1040nr 2011 5. 1040nr 2011   Personal Use of Dwelling Unit (Including Vacation Home) Table of Contents Dividing Expenses Dwelling Unit Used as a HomeMain home. 1040nr 2011 Shared equity financing agreement. 1040nr 2011 Donation of use of the property. 1040nr 2011 Examples. 1040nr 2011 Days used for repairs and maintenance. 1040nr 2011 Days used as a main home before or after renting. 1040nr 2011 Reporting Income and DeductionsNot used as a home. 1040nr 2011 Used as a home but rented less than 15 days. 1040nr 2011 Used as a home and rented 15 days or more. 1040nr 2011 If you have any personal use of a dwelling unit (including a vacation home) that you rent, you must divide your expenses between rental use and personal use. 1040nr 2011 In general, your rental expenses will be no more than your total expenses multiplied by a fraction; the denominator of which is the total number of days the dwelling unit is used and the numerator of which is the total number of days actually rented at a fair rental price. 1040nr 2011 Only your rental expenses may deducted on Schedule E (Form 1040). 1040nr 2011 Some of your personal expenses may be deductible if you itemize your deductions on Schedule A (Form 1040). 1040nr 2011 You must also determine if the dwelling unit is considered a home. 1040nr 2011 The amount of rental expenses that you can deduct may be limited if the dwelling unit is considered a home. 1040nr 2011 Whether a dwelling unit is considered a home depends on how many days during the year are considered to be days of personal use. 1040nr 2011 There is a special rule if you used the dwelling unit as a home and you rented it for less than 15 days during the year. 1040nr 2011 Dwelling unit. 1040nr 2011   A dwelling unit includes a house, apartment, condominium, mobile home, boat, vacation home, or similar property. 1040nr 2011 It also includes all structures or other property belonging to the dwelling unit. 1040nr 2011 A dwelling unit has basic living accommodations, such as sleeping space, a toilet, and cooking facilities. 1040nr 2011   A dwelling unit does not include property (or part of the property) used solely as a hotel, motel, inn, or similar establishment. 1040nr 2011 Property is used solely as a hotel, motel, inn, or similar establishment if it is regularly available for occupancy by paying customers and is not used by an owner as a home during the year. 1040nr 2011 Example. 1040nr 2011 You rent a room in your home that is always available for short-term occupancy by paying customers. 1040nr 2011 You do not use the room yourself and you allow only paying customers to use the room. 1040nr 2011 This room is used solely as a hotel, motel, inn, or similar establishment and is not a dwelling unit. 1040nr 2011 Dividing Expenses If you use a dwelling unit for both rental and personal purposes, divide your expenses between the rental use and the personal use based on the number of days used for each purpose. 1040nr 2011 When dividing your expenses, follow these rules. 1040nr 2011 Any day that the unit is rented at a fair rental price is a day of rental use even if you used the unit for personal purposes that day. 1040nr 2011 (This rule does not apply when determining whether you used the unit as a home. 1040nr 2011 ) Any day that the unit is available for rent but not actually rented is not a day of rental use. 1040nr 2011 Fair rental price. 1040nr 2011   A fair rental price for your property generally is the amount of rent that a person who is not related to you would be willing to pay. 1040nr 2011 The rent you charge is not a fair rental price if it is substantially less than the rents charged for other properties that are similar to your property in your area. 1040nr 2011   Ask yourself the following questions when comparing another property with yours. 1040nr 2011 Is it used for the same purpose? Is it approximately the same size? Is it in approximately the same condition? Does it have similar furnishings? Is it in a similar location? If any of the answers are no, the properties probably are not similar. 1040nr 2011 Example. 1040nr 2011 Your beach cottage was available for rent from June 1 through August 31 (92 days). 1040nr 2011 Except for the first week in August (7 days), when you were unable to find a renter, you rented the cottage at a fair rental price during that time. 1040nr 2011 The person who rented the cottage for July allowed you to use it over the weekend (2 days) without any reduction in or refund of rent. 1040nr 2011 Your family also used the cottage during the last 2 weeks of May (14 days). 1040nr 2011 The cottage was not used at all before May 17 or after August 31. 1040nr 2011 You figure the part of the cottage expenses to treat as rental expenses as follows. 1040nr 2011 The cottage was used for rental a total of 85 days (92 − 7). 1040nr 2011 The days it was available for rent but not rented (7 days) are not days of rental use. 1040nr 2011 The July weekend (2 days) you used it is rental use because you received a fair rental price for the weekend. 1040nr 2011 You used the cottage for personal purposes for 14 days (the last 2 weeks in May). 1040nr 2011 The total use of the cottage was 99 days (14 days personal use + 85 days rental use). 1040nr 2011 Your rental expenses are 85/99 (86%) of the cottage expenses. 1040nr 2011 Note. 1040nr 2011 When determining whether you used the cottage as a home, the July weekend (2 days) you used it is considered personal use even though you received a fair rental price for the weekend. 1040nr 2011 Therefore, you had 16 days of personal use and 83 days of rental use for this purpose. 1040nr 2011 Because you used the cottage for personal purposes more than 14 days and more than 10% of the days of rental use (8 days), you used it as a home. 1040nr 2011 If you have a net loss, you may not be able to deduct all of the rental expenses. 1040nr 2011 See Dwelling Unit Used as a Home, next. 1040nr 2011 Dwelling Unit Used as a Home If you use a dwelling unit for both rental and personal purposes, the tax treatment of the rental expenses you figured earlier under Dividing Expenses and rental income depends on whether you are considered to be using the dwelling unit as a home. 1040nr 2011 You use a dwelling unit as a home during the tax year if you use it for personal purposes more than the greater of: 14 days, or 10% of the total days it is rented to others at a fair rental price. 1040nr 2011 See What is a day of personal use , later. 1040nr 2011 If a dwelling unit is used for personal purposes on a day it is rented at a fair rental price (discussed earlier), do not count that day as a day of rental use in applying (2) above. 1040nr 2011 Instead, count it as a day of personal use in applying both (1) and (2) above. 1040nr 2011 What is a day of personal use?   A day of personal use of a dwelling unit is any day that the unit is used by any of the following persons. 1040nr 2011 You or any other person who owns an interest in it, unless you rent it to another owner as his or her main home under a shared equity financing agreement (defined later). 1040nr 2011 However, see Days used as a main home before or after renting , later. 1040nr 2011 A member of your family or a member of the family of any other person who owns an interest in it, unless the family member uses the dwelling unit as his or her main home and pays a fair rental price. 1040nr 2011 Family includes only your spouse, brothers and sisters, half-brothers and half-sisters, ancestors (parents, grandparents, etc. 1040nr 2011 ), and lineal descendants (children, grandchildren, etc. 1040nr 2011 ). 1040nr 2011 Anyone under an arrangement that lets you use some other dwelling unit. 1040nr 2011 Anyone at less than a fair rental price. 1040nr 2011 Main home. 1040nr 2011   If the other person or member of the family in (1) or (2) above has more than one home, his or her main home is ordinarily the one he or she lived in most of the time. 1040nr 2011 Shared equity financing agreement. 1040nr 2011   This is an agreement under which two or more persons acquire undivided interests for more than 50 years in an entire dwelling unit, including the land, and one or more of the co-owners is entitled to occupy the unit as his or her main home upon payment of rent to the other co-owner or owners. 1040nr 2011 Donation of use of the property. 1040nr 2011   You use a dwelling unit for personal purposes if: You donate the use of the unit to a charitable organization, The organization sells the use of the unit at a fund-raising event, and The “purchaser” uses the unit. 1040nr 2011 Examples. 1040nr 2011   The following examples show how to determine if you have days of personal use. 1040nr 2011 Example 1. 1040nr 2011 You and your neighbor are co-owners of a condominium at the beach. 1040nr 2011 Last year, you rented the unit to vacationers whenever possible. 1040nr 2011 The unit was not used as a main home by anyone. 1040nr 2011 Your neighbor used the unit for 2 weeks last year; you did not use it at all. 1040nr 2011 Because your neighbor has an interest in the unit, both of you are considered to have used the unit for personal purposes during those 2 weeks. 1040nr 2011 Example 2. 1040nr 2011 You and your neighbors are co-owners of a house under a shared equity financing agreement. 1040nr 2011 Your neighbors live in the house and pay you a fair rental price. 1040nr 2011 Even though your neighbors have an interest in the house, the days your neighbors live there are not counted as days of personal use by you. 1040nr 2011 This is because your neighbors rent the house as their main home under a shared equity financing agreement. 1040nr 2011 Example 3. 1040nr 2011 You own a rental property that you rent to your son. 1040nr 2011 Your son does not own any interest in this property. 1040nr 2011 He uses it as his main home and pays you a fair rental price. 1040nr 2011 Your son's use of the property is not personal use by you because your son is using it as his main home, he owns no interest in the property, and he is paying you a fair rental price. 1040nr 2011 Example 4. 1040nr 2011 You rent your beach house to Rosa. 1040nr 2011 Rosa rents her cabin in the mountains to you. 1040nr 2011 You each pay a fair rental price. 1040nr 2011 You are using your beach house for personal purposes on the days that Rosa uses it because your house is used by Rosa under an arrangement that allows you to use her cabin. 1040nr 2011 Example 5. 1040nr 2011 You rent an apartment to your mother at less than a fair rental price. 1040nr 2011 You are using the apartment for personal purposes on the days that your mother rents it because you rent it for less than a fair rental price. 1040nr 2011 Days used for repairs and maintenance. 1040nr 2011   Any day that you spend working substantially full time repairing and maintaining (not improving) your property is not counted as a day of personal use. 1040nr 2011 Do not count such a day as a day of personal use even if family members use the property for recreational purposes on the same day. 1040nr 2011 Example. 1040nr 2011 Corey owns a cabin in the mountains that he rents for most of the year. 1040nr 2011 He spends a week at the cabin with family members. 1040nr 2011 Corey works on maintenance of the cabin 3 or 4 hours each day during the week and spends the rest of the time fishing, hiking, and relaxing. 1040nr 2011 Corey's family members, however, work substantially full time on the cabin each day during the week. 1040nr 2011 The main purpose of being at the cabin that week is to do maintenance work. 1040nr 2011 Therefore, the use of the cabin during the week by Corey and his family will not be considered personal use by Corey. 1040nr 2011 Days used as a main home before or after renting. 1040nr 2011   For purposes of determining whether a dwelling unit was used as a home, you may not have to count days you used the property as your main home before or after renting it or offering it for rent as days of personal use. 1040nr 2011 Do not count them as days of personal use if: You rented or tried to rent the property for 12 or more consecutive months. 1040nr 2011 You rented or tried to rent the property for a period of less than 12 consecutive months and the period ended because you sold or exchanged the property. 1040nr 2011 However, this special rule does not apply when dividing expenses between rental and personal use. 1040nr 2011 See Property Changed to Rental Use in chapter 4. 1040nr 2011 Example 1. 1040nr 2011 On February 29, 2012, you moved out of the house you had lived in for 6 years because you accepted a job in another town. 1040nr 2011 You rented your house at a fair rental price from March 15, 2012, to May 14, 2013 (14 months). 1040nr 2011 On June 1, 2013, you moved back into your old house. 1040nr 2011 The days you used the house as your main home from January 1 to February 29, 2012, and from June 1 to December 31, 2013, are not counted as days of personal use. 1040nr 2011 Therefore, you would use the rules in chapter 1 when figuring your rental income and expenses. 1040nr 2011 Example 2. 1040nr 2011 On January 31, you moved out of the condominium where you had lived for 3 years. 1040nr 2011 You offered it for rent at a fair rental price beginning on February 1. 1040nr 2011 You were unable to rent it until April. 1040nr 2011 On September 15, you sold the condominium. 1040nr 2011 The days you used the condominium as your main home from January 1 to January 31 are not counted as days of personal use when determining whether you used it as a home. 1040nr 2011 Examples. 1040nr 2011   The following examples show how to determine whether you used your rental property as a home. 1040nr 2011 Example 1. 1040nr 2011 You converted the basement of your home into an apartment with a bedroom, a bathroom, and a small kitchen. 1040nr 2011 You rented the basement apartment at a fair rental price to college students during the regular school year. 1040nr 2011 You rented to them on a 9-month lease (273 days). 1040nr 2011 You figured 10% of the total days rented to others at a fair rental price is 27 days. 1040nr 2011 During June (30 days), your brothers stayed with you and lived in the basement apartment rent free. 1040nr 2011 Your basement apartment was used as a home because you used it for personal purposes for 30 days. 1040nr 2011 Rent-free use by your brothers is considered personal use. 1040nr 2011 Your personal use (30 days) is more than the greater of 14 days or 10% of the total days it was rented (27 days). 1040nr 2011 Example 2. 1040nr 2011 You rented the guest bedroom in your home at a fair rental price during the local college's homecoming, commencement, and football weekends (a total of 27 days). 1040nr 2011 Your sister-in-law stayed in the room, rent free, for the last 3 weeks (21 days) in July. 1040nr 2011 You figured 10% of the total days rented to others at a fair rental price is 3 days. 1040nr 2011 The room was used as a home because you used it for personal purposes for 21 days. 1040nr 2011 That is more than the greater of 14 days or 10% of the 27 days it was rented (3 days). 1040nr 2011 Example 3. 1040nr 2011 You own a condominium apartment in a resort area. 1040nr 2011 You rented it at a fair rental price for a total of 170 days during the year. 1040nr 2011 For 12 of these days, the tenant was not able to use the apartment and allowed you to use it even though you did not refund any of the rent. 1040nr 2011 Your family actually used the apartment for 10 of those days. 1040nr 2011 Therefore, the apartment is treated as having been rented for 160 (170 – 10) days. 1040nr 2011 You figured 10% of the total days rented to others at a fair rental price is 16 days. 1040nr 2011 Your family also used the apartment for 7 other days during the year. 1040nr 2011 You used the apartment as a home because you used it for personal purposes for 17 days. 1040nr 2011 That is more than the greater of 14 days or 10% of the 160 days it was rented (16 days). 1040nr 2011 Minimal rental use. 1040nr 2011   If you use the dwelling unit as a home and you rent it less than 15 days during the year, that period is not treated as rental activity. 1040nr 2011 See Used as a home but rented less than 15 days, later, for more information. 1040nr 2011 Limit on deductions. 1040nr 2011   Renting a dwelling unit that is considered a home is not a passive activity. 1040nr 2011 Instead, if your rental expenses are more than your rental income, some or all of the excess expenses cannot be used to offset income from other sources. 1040nr 2011 The excess expenses that cannot be used to offset income from other sources are carried forward to the next year and treated as rental expenses for the same property. 1040nr 2011 Any expenses carried forward to the next year will be subject to any limits that apply for that year. 1040nr 2011 This limitation will apply to expenses carried forward to another year even if you do not use the property as your home for that subsequent year. 1040nr 2011   To figure your deductible rental expenses for this year and any carryover to next year, use Worksheet 5–1. 1040nr 2011 Reporting Income and Deductions Property not used for personal purposes. 1040nr 2011   If you do not use a dwelling unit for personal purposes, see chapter 3 for how to report your rental income and expenses. 1040nr 2011 Property used for personal purposes. 1040nr 2011   If you do use a dwelling unit for personal purposes, then how you report your rental income and expenses depends on whether you used the dwelling unit as a home. 1040nr 2011 Not used as a home. 1040nr 2011   If you use a dwelling unit for personal purposes, but not as a home, report all the rental income in your income. 1040nr 2011 Since you used the dwelling unit for personal purposes, you must divide your expenses between the rental use and the personal use as described earlier in this chapter under Dividing Expenses . 1040nr 2011 The expenses for personal use are not deductible as rental expenses. 1040nr 2011   Your deductible rental expenses can be more than your gross rental income; however, see Limits on Rental Losses in chapter 3. 1040nr 2011 Used as a home but rented less than 15 days. 1040nr 2011   If you use a dwelling unit as a home and you rent it less than 15 days during the year, its primary function is not considered to be rental and it should not be reported on Schedule E (Form 1040). 1040nr 2011 You are not required to report the rental income and rental expenses from this activity. 1040nr 2011 The expenses, including qualified mortgage interest, property taxes, and any qualified casualty loss will be reported as normally allowed on Schedule A (Form 1040). 1040nr 2011 See the Instructions for Schedule A (Form 1040) for more information on deducting these expenses. 1040nr 2011 Used as a home and rented 15 days or more. 1040nr 2011   If you use a dwelling unit as a home and rent it 15 days or more during the year, include all your rental income in your income. 1040nr 2011 Since you used the dwelling unit for personal purposes, you must divide your expenses between the rental use and the personal use as described earlier in this chapter under Dividing Expenses . 1040nr 2011 The expenses for personal use are not deductible as rental expenses. 1040nr 2011   If you had a net profit from renting the dwelling unit for the year (that is, if your rental income is more than the total of your rental expenses, including depreciation), deduct all of your rental expenses. 1040nr 2011 You do not need to use Worksheet 5-1. 1040nr 2011   However, if you had a net loss from renting the dwelling unit for the year, your deduction for certain rental expenses is limited. 1040nr 2011 To figure your deductible rental expenses and any carryover to next year, use Worksheet 5–1. 1040nr 2011 Worksheet 5-1. 1040nr 2011 Worksheet for Figuring Rental Deductions for a Dwelling Unit Used as a Home Use this worksheet only if you answer “yes” to all of the following questions. 1040nr 2011 Did you use the dwelling unit as a home this year? (See Dwelling Unit Used as a Home . 1040nr 2011 ) Did you rent the dwelling unit at a fair rental price 15 days or more this year? Is the total of your rental expenses and depreciation more than your rental income? PART I. 1040nr 2011 Rental Use Percentage A. 1040nr 2011 Total days available for rent at fair rental price A. 1040nr 2011       B. 1040nr 2011 Total days available for rent (line A) but not rented B. 1040nr 2011       C. 1040nr 2011 Total days of rental use. 1040nr 2011 Subtract line B from line A C. 1040nr 2011       D. 1040nr 2011 Total days of personal use (including days rented at less than fair rental price) D. 1040nr 2011       E. 1040nr 2011 Total days of rental and personal use. 1040nr 2011 Add lines C and D E. 1040nr 2011       F. 1040nr 2011 Percentage of expenses allowed for rental. 1040nr 2011 Divide line C by line E     F. 1040nr 2011 . 1040nr 2011 PART II. 1040nr 2011 Allowable Rental Expenses 1. 1040nr 2011 Enter rents received 1. 1040nr 2011   2a. 1040nr 2011 Enter the rental portion of deductible home mortgage interest and qualified mortgage insurance premiums (see instructions) 2a. 1040nr 2011       b. 1040nr 2011 Enter the rental portion of real estate taxes b. 1040nr 2011       c. 1040nr 2011 Enter the rental portion of deductible casualty and theft losses (see instructions) c. 1040nr 2011       d. 1040nr 2011 Enter direct rental expenses (see instructions) d. 1040nr 2011       e. 1040nr 2011 Fully deductible rental expenses. 1040nr 2011 Add lines 2a–2d. 1040nr 2011 Enter here and  on the appropriate lines on Schedule E (see instructions) 2e. 1040nr 2011   3. 1040nr 2011 Subtract line 2e from line 1. 1040nr 2011 If zero or less, enter -0- 3. 1040nr 2011   4a. 1040nr 2011 Enter the rental portion of expenses directly related to operating or maintaining  the dwelling unit (such as repairs, insurance, and utilities) 4a. 1040nr 2011       b. 1040nr 2011 Enter the rental portion of excess mortgage interest and qualified mortgage insurance premiums (see instructions) b. 1040nr 2011       c. 1040nr 2011 Carryover of operating expenses from 2012 worksheet c. 1040nr 2011       d. 1040nr 2011 Add lines 4a–4c d. 1040nr 2011       e. 1040nr 2011 Allowable expenses. 1040nr 2011 Enter the smaller of line 3 or line 4d (see instructions) 4e. 1040nr 2011   5. 1040nr 2011 Subtract line 4e from line 3. 1040nr 2011 If zero or less, enter -0- 5. 1040nr 2011   6a. 1040nr 2011 Enter the rental portion of excess casualty and theft losses (see instructions) 6a. 1040nr 2011       b. 1040nr 2011 Enter the rental portion of depreciation of the dwelling unit b. 1040nr 2011       c. 1040nr 2011 Carryover of excess casualty losses and depreciation from 2012 worksheet c. 1040nr 2011       d. 1040nr 2011 Add lines 6a–6c d. 1040nr 2011       e. 1040nr 2011 Allowable excess casualty and theft losses and depreciation. 1040nr 2011 Enter the smaller of  line 5 or line 6d (see instructions) 6e. 1040nr 2011   PART III. 1040nr 2011 Carryover of Unallowed Expenses to Next Year 7a. 1040nr 2011 Operating expenses to be carried over to next year. 1040nr 2011 Subtract line 4e from line 4d 7a. 1040nr 2011   b. 1040nr 2011 Excess casualty and theft losses and depreciation to be carried over to next year. 1040nr 2011  Subtract line 6e from line 6d b. 1040nr 2011   Worksheet 5-1 Instructions. 1040nr 2011 Worksheet for Figuring Rental Deductions for a Dwelling Unit Used as a Home Caution. 1040nr 2011 Use the percentage determined in Part I, line F, to figure the rental portions to enter on lines 2a–2c, 4a–4b, and 6a–6b of  Part II. 1040nr 2011 Line 2a. 1040nr 2011 Figure the mortgage interest on the dwelling unit that you could deduct on Schedule A as if you had not rented the unit. 1040nr 2011 Do not include interest on a loan that did not benefit the dwelling unit. 1040nr 2011 For example, do not include interest on a home equity loan used to pay off credit cards or other personal loans, buy a car, or pay college tuition. 1040nr 2011 Include interest on a loan used to buy, build, or improve the dwelling unit, or to refinance such a loan. 1040nr 2011 Include the rental portion of this interest in the total you enter on line 2a of the worksheet. 1040nr 2011   Figure the qualified mortgage insurance premiums on the dwelling unit that you could deduct on line 13 of Schedule A as if you had not rented the unit. 1040nr 2011 See the Schedule A instructions. 1040nr 2011 However, figure your adjusted gross income (Form 1040, line 38) without your rental income and expenses from the dwelling unit. 1040nr 2011 See Line 4b to deduct the part of the qualified mortgage insurance premiums not allowed because of the adjusted gross income limit. 1040nr 2011 Include the rental portion of the amount from Schedule A, line 13, in the total you enter on line 2a of the worksheet. 1040nr 2011   Note. 1040nr 2011 Do not file this Schedule A or use it to figure the amount to deduct on line 13 of that schedule. 1040nr 2011 Instead, figure the personal portion on a separate Schedule A. 1040nr 2011 If you have deducted mortgage interest or qualified mortgage insurance premiums on the dwelling unit on other forms, such as Schedule C or F, remember to reduce your Schedule A deduction by that amount. 1040nr 2011           Line 2c. 1040nr 2011 Figure the casualty and theft losses related to the dwelling unit that you could deduct on Schedule A as if you had not rented the dwelling unit. 1040nr 2011 To do this, complete Section A of Form 4684, Casualties and Thefts, treating the losses as personal losses. 1040nr 2011 If any of the loss is due to a federally declared disaster, see the Instructions for Form 4684. 1040nr 2011 On Form 4684, line 17, enter 10% of your adjusted gross income figured without your rental income and expenses from the dwelling unit. 1040nr 2011 Enter the rental portion of the result from Form 4684, line 18, on line 2c of this worksheet. 1040nr 2011   Note. 1040nr 2011 Do not file this Form 4684 or use it to figure your personal losses on Schedule A. 1040nr 2011 Instead, figure the personal portion on a separate Form 4684. 1040nr 2011           Line 2d. 1040nr 2011 Enter the total of your rental expenses that are directly related only to the rental activity. 1040nr 2011 These include interest on loans used for rental activities other than to buy, build, or improve the dwelling unit. 1040nr 2011 Also include rental agency fees, advertising, office supplies, and depreciation on office equipment used in your rental activity. 1040nr 2011           Line 2e. 1040nr 2011 You can deduct the amounts on lines 2a, 2b, 2c, and 2d as rental expenses on Schedule E even if your rental expenses are more than your rental income. 1040nr 2011 Enter the amounts on lines 2a, 2b, 2c, and 2d on the appropriate lines of Schedule E. 1040nr 2011           Line 4b. 1040nr 2011 On line 2a, you entered the rental portion of the mortgage interest or qualified mortgage insurance premiums you could deduct on Schedule A if you had not rented the dwelling unit. 1040nr 2011 If you had additional mortgage interest and qualified mortgage insurance premiums that would not be deductible on Schedule A because of limits imposed on them, enter on line 4b of this worksheet the rental portion of those excess amounts. 1040nr 2011 Do not include interest on a loan that did not benefit the dwelling unit  (as explained in the line 2a instructions). 1040nr 2011           Line 4e. 1040nr 2011 You can deduct the amounts on lines 4a, 4b, and 4c as rental expenses on Schedule E only to the extent they are not more than the amount on line 4e. 1040nr 2011 *           Line 6a. 1040nr 2011 To find the rental portion of excess casualty and theft losses, use the Form 4684 you prepared for line 2c of this worksheet. 1040nr 2011   A. 1040nr 2011 Enter the amount from Form 4684, line 10       B. 1040nr 2011 Enter the rental portion of line A       C. 1040nr 2011 Enter the amount from line 2c of this worksheet       D. 1040nr 2011 Subtract line C from line B. 1040nr 2011 Enter the result here and on line 6a of this worksheet               Line 6e. 1040nr 2011 You can deduct the amounts on lines 6a, 6b, and 6c as rental expenses on Schedule E only to the extent they are not more than the amount on line 6e. 1040nr 2011 * *Allocating the limited deduction. 1040nr 2011 If you cannot deduct all of the amount on line 4d or 6d this year, you can allocate the allowable deduction in any way you wish among the expenses included on line 4d or 6d. 1040nr 2011 Enter the amount you allocate to each expense on the appropriate line of Schedule E, Part I. 1040nr 2011 Prev  Up  Next   Home   More Online Publications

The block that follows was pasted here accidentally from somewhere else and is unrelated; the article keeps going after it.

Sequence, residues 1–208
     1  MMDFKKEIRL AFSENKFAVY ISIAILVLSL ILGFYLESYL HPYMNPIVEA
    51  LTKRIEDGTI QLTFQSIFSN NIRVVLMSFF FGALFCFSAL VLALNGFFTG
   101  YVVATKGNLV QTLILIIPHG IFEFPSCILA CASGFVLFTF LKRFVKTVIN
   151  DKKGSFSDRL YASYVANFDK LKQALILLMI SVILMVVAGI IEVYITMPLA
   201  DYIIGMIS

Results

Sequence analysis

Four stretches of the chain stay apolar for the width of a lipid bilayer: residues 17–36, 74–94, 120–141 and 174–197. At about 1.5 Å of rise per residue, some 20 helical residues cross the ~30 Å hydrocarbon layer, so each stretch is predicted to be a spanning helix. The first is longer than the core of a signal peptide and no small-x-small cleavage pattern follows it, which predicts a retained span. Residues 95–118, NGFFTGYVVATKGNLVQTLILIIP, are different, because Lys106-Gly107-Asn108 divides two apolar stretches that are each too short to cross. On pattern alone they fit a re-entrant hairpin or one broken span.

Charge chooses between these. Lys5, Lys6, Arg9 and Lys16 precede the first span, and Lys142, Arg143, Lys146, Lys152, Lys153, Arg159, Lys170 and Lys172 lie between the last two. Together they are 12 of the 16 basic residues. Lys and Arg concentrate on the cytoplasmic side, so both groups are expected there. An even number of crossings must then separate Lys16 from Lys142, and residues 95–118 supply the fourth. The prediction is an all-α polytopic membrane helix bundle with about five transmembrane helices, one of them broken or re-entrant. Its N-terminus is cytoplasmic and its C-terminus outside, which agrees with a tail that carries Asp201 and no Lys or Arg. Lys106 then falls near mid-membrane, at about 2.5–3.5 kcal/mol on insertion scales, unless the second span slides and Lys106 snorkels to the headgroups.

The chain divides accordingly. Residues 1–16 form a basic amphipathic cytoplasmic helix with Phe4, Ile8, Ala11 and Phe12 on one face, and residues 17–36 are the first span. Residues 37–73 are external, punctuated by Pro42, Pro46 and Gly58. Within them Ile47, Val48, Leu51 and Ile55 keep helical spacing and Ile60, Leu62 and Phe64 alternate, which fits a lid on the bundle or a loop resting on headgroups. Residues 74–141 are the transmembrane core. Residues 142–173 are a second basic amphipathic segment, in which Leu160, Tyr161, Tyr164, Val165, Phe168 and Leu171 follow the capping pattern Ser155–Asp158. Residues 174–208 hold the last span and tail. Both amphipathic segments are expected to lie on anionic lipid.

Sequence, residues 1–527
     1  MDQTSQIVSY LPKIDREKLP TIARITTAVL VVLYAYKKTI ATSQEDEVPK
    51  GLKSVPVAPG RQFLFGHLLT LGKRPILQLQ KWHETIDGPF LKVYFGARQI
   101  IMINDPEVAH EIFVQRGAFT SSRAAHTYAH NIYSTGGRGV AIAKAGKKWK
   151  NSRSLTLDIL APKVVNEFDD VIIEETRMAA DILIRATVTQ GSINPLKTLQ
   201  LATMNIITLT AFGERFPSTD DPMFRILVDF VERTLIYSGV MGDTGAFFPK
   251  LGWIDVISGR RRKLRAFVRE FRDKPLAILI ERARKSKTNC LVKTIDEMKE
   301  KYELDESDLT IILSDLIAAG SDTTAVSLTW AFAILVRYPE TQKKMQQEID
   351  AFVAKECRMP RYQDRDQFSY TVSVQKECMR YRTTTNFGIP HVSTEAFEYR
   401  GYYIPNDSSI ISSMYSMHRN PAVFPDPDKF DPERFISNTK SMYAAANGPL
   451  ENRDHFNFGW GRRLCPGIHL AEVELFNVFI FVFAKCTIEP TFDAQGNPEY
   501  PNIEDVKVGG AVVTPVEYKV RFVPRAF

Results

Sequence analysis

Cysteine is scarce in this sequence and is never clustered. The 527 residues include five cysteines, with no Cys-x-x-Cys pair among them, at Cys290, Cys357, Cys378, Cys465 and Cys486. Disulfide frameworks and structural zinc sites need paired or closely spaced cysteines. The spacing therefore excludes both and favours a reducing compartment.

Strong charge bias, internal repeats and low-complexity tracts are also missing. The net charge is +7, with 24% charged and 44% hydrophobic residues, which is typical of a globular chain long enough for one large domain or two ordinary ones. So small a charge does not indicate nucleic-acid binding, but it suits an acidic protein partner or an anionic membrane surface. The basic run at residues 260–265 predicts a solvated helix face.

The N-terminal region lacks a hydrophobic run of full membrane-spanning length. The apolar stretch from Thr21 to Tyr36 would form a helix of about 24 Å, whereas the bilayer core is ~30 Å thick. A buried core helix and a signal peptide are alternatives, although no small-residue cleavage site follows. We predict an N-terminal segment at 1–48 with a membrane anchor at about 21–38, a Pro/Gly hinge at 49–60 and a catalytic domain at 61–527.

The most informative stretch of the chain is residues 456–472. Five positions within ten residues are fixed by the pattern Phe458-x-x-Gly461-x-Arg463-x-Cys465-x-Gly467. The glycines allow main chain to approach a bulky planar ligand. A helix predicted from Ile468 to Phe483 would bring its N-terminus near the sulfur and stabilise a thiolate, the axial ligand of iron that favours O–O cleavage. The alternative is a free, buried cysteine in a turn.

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IRS Provides Tax Relief to Victims of Hurricane Irene